Ellucian survey finds the vast majority of administrators believe their institution will not stay competitive without integrating data across departments in the next five years
- Prospective students are increasingly considering personalized communication in their decision on which institution to attend.
- Students expect the large amounts of data they provide during the recruitment process to be reflected back in tailored communications and experiences.
- Institutions can use student lifecycle data to better capitalize on the connection alumni have to their alma mater and overcome barriers to giving.
Ellucian, the world’s leading provider of software and services built to power higher education, today published the findings of its annual survey, this year entitled, “Students, alumni, and administrators agree: Data-driven communications make a difference.”
“Today’s students expect seamless personalized experiences from nearly every organization they come in contact with––whether they realize it or not,” said Ellucian Senior Strategic Consultant Katie Lynch-Holmes. “These expectations and actual experiences influence their choice of institution, long-term loyalty, and future giving.”
- Communication weighs heavily in the enrollment decision Prospective students are increasingly considering personalized communication in their decision on which institution to attend.
- 87 percent of students who received personalized communications during their application process agree that it was an important factor in their choice of school. 48 percent of students who applied to multiple colleges decided against an institution because of poor communication.
Students struggle to get the advice they crave on campus
Students expect the large amounts of data they provide during the recruitment process to be reflected back in tailored communications and experiences.
- Students report having to talk to up to four people to answer to a single advising question.
- 70 percent of students have had to submit their personal information three or more times during their first year of school.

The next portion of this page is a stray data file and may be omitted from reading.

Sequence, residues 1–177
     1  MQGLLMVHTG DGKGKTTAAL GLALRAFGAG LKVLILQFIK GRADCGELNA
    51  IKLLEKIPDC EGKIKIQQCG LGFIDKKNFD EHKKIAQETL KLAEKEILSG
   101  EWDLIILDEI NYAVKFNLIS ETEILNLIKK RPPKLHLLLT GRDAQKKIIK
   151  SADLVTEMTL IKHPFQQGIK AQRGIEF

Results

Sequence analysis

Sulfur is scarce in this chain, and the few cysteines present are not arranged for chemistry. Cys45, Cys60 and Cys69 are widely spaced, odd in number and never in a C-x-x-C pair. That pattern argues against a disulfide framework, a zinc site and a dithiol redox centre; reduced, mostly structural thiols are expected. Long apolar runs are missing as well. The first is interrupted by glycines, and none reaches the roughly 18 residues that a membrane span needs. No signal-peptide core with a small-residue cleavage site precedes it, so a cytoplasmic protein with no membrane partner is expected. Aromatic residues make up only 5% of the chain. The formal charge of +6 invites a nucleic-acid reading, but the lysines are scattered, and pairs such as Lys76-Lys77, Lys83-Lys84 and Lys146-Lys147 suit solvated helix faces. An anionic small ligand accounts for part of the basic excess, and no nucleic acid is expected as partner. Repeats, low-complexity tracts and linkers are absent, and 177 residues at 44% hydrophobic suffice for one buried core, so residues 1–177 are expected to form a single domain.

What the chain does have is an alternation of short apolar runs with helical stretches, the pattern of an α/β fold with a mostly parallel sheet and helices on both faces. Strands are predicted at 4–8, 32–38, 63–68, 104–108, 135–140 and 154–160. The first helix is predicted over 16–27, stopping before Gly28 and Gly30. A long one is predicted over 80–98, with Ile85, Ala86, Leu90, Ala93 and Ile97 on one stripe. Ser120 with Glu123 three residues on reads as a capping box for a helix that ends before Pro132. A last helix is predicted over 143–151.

Long-term loyalty and future giving hinge on tailored communication
Institutions can use student lifecycle data to better capitalize on the connection alumni have to their alma mater and overcome barriers to giving.
- 85 percent of alumni said they would donate more often if they knew their money was funding organizations or initiatives they were involved with as students.
- 51 percent who receive requests say less than 10 percent of those inquiries are tied to their personal interests or past campus activities.
Administrators see data integration as an imperative
While departmental software that helps track and improve engagement is helpful, institutions that are able to leverage student data across departments are more likely to provide the experience modern students expect.
- 87 percent of administrators think their institution will not be able to stay competitive without integrating data across departments in the next five years.
- 95 percent of advisors wish they had access to more complete information on students’ financial, academic, and student life data.
- 95 percent of advancement officials believe they would have a better relationship with alumni if they had access to more data across the student lifecycle.
About the Study
The Ellucian Survey was conducted by Wakefield Research in the United States among 300 administrators, including 100 admissions/recruitment, 100 student success/registrars/advisors and 100 alumni relations/advancement/development, 500 college students ages 18+ and 502 alumni who have graduated within the past 5 years between July 19 and August 2, 2018, using an email invitation and an online survey. Quotas were set to ensure representative numbers of administrators from 4-year vs. 2-year institutions and public vs. private institutions, and to ensure representative and statistically significant numbers of students who attend 4-year vs. 2-year institutions, public vs. private institutions and for underclassmen vs. upperclassmen. Results of any sample are subject to sampling variation. The magnitude of the variation is measurable and is affected by the number of interviews and the level of the percentages expressing the results. For the interviews conducted in this particular study, the chances are 95 in 100 that a survey result does not vary, plus or minus, by more than 5.7 percentage points for the administrator sample, 4.4 percentage points for the student sample and 4.4 percentage points for the alumni sample from the result that would be obtained if interviews had been conducted with all persons in the universe represented by the samples.